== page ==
From a degree project to 9000 citations and a company

Visual object tracking is a field in which Professor Michael Felsberg and his co-workers have led scientific development since 2013: their prolific scientific publications have not only been awarded several prizes, but also been cited by many other researchers. The newly established company Singulareye is based on the research results.

Interest in visual object tracking has exploded in recent years as a consequence of increasing interest in autonomous vehicles, robotics, artificial intelligence, and machine learning. The technology has advanced rapidly and one reason for this is something as unusual as a competition, the Visual Object Tracking (VOT) Challenge, arranged each year since 2013.

“The competition gathers the most renowned researchers within the field at leading universities throughout the world”, says Michael Felsberg, professor in computer vision at Linköping University.

He has been a member of the competition organising committee for some years now. Michael Felsberg won the prestigious competition in 2014, together with his doctoral student at the time, Martin Danelljan, Fahad Khan, a co-supervisor and researcher in the division, and Gustav Häger, at the time an undergraduate, now doctoral student. As a continuation of his degree project, Martin Danelljan had developed a method in which the computer follows an object within a defined box, known as a “bounding box”, in the image.

The computer learns the appearance of the object in the box in different conditions, both its colour and shape, with the aid of features in the image – edges or colours. The calculations are then rapidly performed using carefully chosen algorithms. The group had in their work removed an important stumbling block within object tracking: the problem of scalability – a moving object changes its apparent size and shape as it recedes from the camera.

The group published the work as open-source code, which led to thousands of citations in a very short period. The research carried out in the group is partially financed by ELLIIT, and has subsequently been awarded several prizes.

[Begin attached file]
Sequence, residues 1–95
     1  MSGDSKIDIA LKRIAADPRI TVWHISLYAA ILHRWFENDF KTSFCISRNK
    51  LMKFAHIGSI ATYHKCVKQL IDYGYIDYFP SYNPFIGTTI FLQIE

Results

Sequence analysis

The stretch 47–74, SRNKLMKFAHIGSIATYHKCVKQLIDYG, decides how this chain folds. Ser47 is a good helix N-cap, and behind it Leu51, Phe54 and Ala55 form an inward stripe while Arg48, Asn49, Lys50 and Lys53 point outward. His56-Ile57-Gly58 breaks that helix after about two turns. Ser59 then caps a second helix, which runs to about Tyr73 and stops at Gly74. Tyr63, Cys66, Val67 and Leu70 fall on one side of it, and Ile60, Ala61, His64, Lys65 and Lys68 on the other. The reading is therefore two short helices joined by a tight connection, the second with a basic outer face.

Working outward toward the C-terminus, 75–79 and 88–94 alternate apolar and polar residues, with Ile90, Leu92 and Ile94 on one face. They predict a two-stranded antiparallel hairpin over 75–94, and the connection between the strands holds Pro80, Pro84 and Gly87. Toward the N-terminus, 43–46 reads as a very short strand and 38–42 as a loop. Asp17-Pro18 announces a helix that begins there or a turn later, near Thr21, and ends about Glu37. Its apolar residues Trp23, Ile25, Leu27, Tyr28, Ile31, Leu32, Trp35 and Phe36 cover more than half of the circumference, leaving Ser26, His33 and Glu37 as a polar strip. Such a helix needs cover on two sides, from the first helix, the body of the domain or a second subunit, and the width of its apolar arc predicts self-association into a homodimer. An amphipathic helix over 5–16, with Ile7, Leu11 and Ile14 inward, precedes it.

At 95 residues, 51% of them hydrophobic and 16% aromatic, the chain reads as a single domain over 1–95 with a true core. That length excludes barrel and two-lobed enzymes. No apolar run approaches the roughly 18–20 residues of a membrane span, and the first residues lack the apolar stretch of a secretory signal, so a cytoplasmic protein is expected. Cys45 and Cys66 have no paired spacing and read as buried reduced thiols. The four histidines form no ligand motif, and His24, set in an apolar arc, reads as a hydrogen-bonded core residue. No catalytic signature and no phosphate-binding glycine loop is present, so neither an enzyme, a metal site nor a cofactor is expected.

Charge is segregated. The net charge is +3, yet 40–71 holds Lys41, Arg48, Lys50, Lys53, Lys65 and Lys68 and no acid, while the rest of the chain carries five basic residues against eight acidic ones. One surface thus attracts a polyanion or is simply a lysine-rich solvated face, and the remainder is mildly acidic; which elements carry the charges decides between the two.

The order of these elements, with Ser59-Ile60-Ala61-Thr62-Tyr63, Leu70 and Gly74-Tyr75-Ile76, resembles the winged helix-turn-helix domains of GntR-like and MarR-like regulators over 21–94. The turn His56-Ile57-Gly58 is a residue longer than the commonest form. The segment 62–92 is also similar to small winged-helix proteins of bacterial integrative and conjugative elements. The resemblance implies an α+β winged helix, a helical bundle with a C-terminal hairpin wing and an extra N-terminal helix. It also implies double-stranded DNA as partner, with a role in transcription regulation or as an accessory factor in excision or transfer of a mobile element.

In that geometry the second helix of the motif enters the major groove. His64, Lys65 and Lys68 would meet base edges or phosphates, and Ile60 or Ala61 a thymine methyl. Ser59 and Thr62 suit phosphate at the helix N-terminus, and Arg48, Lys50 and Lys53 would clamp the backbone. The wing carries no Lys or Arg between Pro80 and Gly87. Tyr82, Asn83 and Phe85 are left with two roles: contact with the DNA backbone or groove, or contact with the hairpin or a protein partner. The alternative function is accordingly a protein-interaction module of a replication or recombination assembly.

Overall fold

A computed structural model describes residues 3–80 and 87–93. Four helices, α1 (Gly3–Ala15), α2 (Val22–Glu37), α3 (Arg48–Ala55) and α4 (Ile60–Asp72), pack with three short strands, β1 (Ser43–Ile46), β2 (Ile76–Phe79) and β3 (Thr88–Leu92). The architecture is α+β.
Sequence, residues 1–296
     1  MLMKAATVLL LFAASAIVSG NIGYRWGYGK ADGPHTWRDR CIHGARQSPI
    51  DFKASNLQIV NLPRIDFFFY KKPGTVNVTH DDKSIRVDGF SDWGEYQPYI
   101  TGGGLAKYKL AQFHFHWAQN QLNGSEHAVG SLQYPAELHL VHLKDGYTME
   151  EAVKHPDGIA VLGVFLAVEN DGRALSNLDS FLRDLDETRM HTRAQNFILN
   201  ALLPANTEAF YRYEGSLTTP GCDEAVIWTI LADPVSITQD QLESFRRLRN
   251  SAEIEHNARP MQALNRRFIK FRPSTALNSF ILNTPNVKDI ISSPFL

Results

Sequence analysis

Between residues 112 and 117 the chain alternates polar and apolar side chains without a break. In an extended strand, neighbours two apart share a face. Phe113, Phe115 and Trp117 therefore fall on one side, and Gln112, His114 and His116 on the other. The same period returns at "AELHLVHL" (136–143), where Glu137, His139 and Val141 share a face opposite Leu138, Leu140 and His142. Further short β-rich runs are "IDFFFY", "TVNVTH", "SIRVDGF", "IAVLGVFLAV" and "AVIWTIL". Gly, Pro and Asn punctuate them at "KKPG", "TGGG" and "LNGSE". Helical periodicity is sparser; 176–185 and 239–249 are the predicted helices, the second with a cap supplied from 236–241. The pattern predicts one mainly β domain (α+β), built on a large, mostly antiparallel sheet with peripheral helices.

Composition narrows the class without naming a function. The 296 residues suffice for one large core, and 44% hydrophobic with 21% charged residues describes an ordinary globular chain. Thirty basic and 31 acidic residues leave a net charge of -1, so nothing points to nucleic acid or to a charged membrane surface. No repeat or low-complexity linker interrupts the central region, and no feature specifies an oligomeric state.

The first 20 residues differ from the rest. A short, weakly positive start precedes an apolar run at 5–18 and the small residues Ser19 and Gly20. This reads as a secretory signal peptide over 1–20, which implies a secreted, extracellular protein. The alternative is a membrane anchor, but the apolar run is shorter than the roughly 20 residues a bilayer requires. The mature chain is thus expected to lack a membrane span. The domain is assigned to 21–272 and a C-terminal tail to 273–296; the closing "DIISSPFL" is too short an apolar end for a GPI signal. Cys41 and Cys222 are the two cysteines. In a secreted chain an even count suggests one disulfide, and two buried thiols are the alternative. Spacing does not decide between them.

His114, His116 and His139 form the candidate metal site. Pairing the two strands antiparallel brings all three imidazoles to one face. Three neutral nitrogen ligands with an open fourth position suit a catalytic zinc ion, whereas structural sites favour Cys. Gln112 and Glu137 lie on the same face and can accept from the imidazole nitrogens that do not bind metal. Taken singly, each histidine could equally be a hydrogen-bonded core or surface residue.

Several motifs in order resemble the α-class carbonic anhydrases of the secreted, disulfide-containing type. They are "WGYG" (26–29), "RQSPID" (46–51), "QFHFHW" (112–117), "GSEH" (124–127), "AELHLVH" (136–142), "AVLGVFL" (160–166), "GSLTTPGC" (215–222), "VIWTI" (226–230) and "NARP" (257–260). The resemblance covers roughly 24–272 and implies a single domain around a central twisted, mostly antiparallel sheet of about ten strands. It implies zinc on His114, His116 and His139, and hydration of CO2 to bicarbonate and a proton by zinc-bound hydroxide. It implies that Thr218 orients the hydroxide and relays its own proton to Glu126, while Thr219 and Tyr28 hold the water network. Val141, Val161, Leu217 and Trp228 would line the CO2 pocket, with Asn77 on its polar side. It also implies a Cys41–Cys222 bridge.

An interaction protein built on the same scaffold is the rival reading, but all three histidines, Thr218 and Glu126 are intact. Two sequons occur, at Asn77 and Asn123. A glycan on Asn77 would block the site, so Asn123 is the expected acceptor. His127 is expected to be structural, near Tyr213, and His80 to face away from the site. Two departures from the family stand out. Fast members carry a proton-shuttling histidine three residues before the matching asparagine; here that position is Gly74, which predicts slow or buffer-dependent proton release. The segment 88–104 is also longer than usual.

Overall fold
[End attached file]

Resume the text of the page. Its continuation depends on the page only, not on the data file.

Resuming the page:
When Martin Danelljan defended his doctoral thesis in 2018, his work had already received over 2000 citations, and today the number is over 9000. In the past two years, the research has taken a further step.

“The research is now, however, starting to increasingly use a technique known as ‘segmentation’ in which pixels in the image are classified as belonging to different objects. In classification the computer should be able to distinguish, for example, a sleeping dog from the sofa on which it is sleeping. To put it simply, segmentation means doing the same thing at pixel level”, says Michael Felsberg.

Development in the field has increasingly come to be dominated by Chinese researchers, and they won all prizes except one in the most recent edition of the VOT Challenge.

“The Chinese have large resources for research in the field, in particular for improving facial recognition. This is an accepted technology in China, but is ethically problematic in the western world,” says Michael Felsberg.

Other areas of application for visual object tracking are both broader and less controversial. Examples include autonomous vehicles that can discover and follow pedestrians and bicycles in traffic, flying vessels that search for people in need of help in disaster areas, and mobile phone cameras that can focus automatically on a face in the image (if any).

“In a few years we will probably have a function in all mobile phones where we can record video and switch backgrounds while recording”, says Michael Felsberg.

The objectives of the research, however, are higher than that.

“We construct our world-view primarily on what we see and experience, and robots that are to function together with people must have the same ability. It must be possible for AI systems to learn from data without without complete annotation, and based on only few examples (one-shot learning). We cannot expect that all the data processed by artificial intelligence will first be created by a human and then learnt by a system. We must be able to define a starting point and direction, and then leave the learning process to proceed unsupervised”, he says.

Martin Danelljan, who is today (2020) a postdoc at ETH in Zürich, founded the company Singulareye in 2018, together with two other doctoral students. In addition to world-leading knowledge in visual object tracking, the company offers consultancy services with expertise in deep learning and AI. Its largest customers are found in the automotive industry.

Research Group


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